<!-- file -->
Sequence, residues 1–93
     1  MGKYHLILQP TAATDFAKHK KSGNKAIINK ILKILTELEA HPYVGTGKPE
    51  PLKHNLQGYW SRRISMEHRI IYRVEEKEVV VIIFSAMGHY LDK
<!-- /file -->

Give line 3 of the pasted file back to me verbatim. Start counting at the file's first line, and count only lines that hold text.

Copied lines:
    51  PLKHNLQGYW SRRISMEHRI IYRVEEKEVV VIIFSAMGHY LDK